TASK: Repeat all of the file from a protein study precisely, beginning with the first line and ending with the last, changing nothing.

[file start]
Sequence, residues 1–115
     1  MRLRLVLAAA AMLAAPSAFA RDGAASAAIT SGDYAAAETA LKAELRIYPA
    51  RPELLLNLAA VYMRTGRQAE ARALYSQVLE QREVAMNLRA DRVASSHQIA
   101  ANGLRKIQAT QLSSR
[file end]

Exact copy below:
Sequence, residues 1–115
     1  MRLRLVLAAA AMLAAPSAFA RDGAASAAIT SGDYAAAETA LKAELRIYPA
    51  RPELLLNLAA VYMRTGRQAE ARALYSQVLE QREVAMNLRA DRVASSHQIA
   101  ANGLRKIQAT QLSSR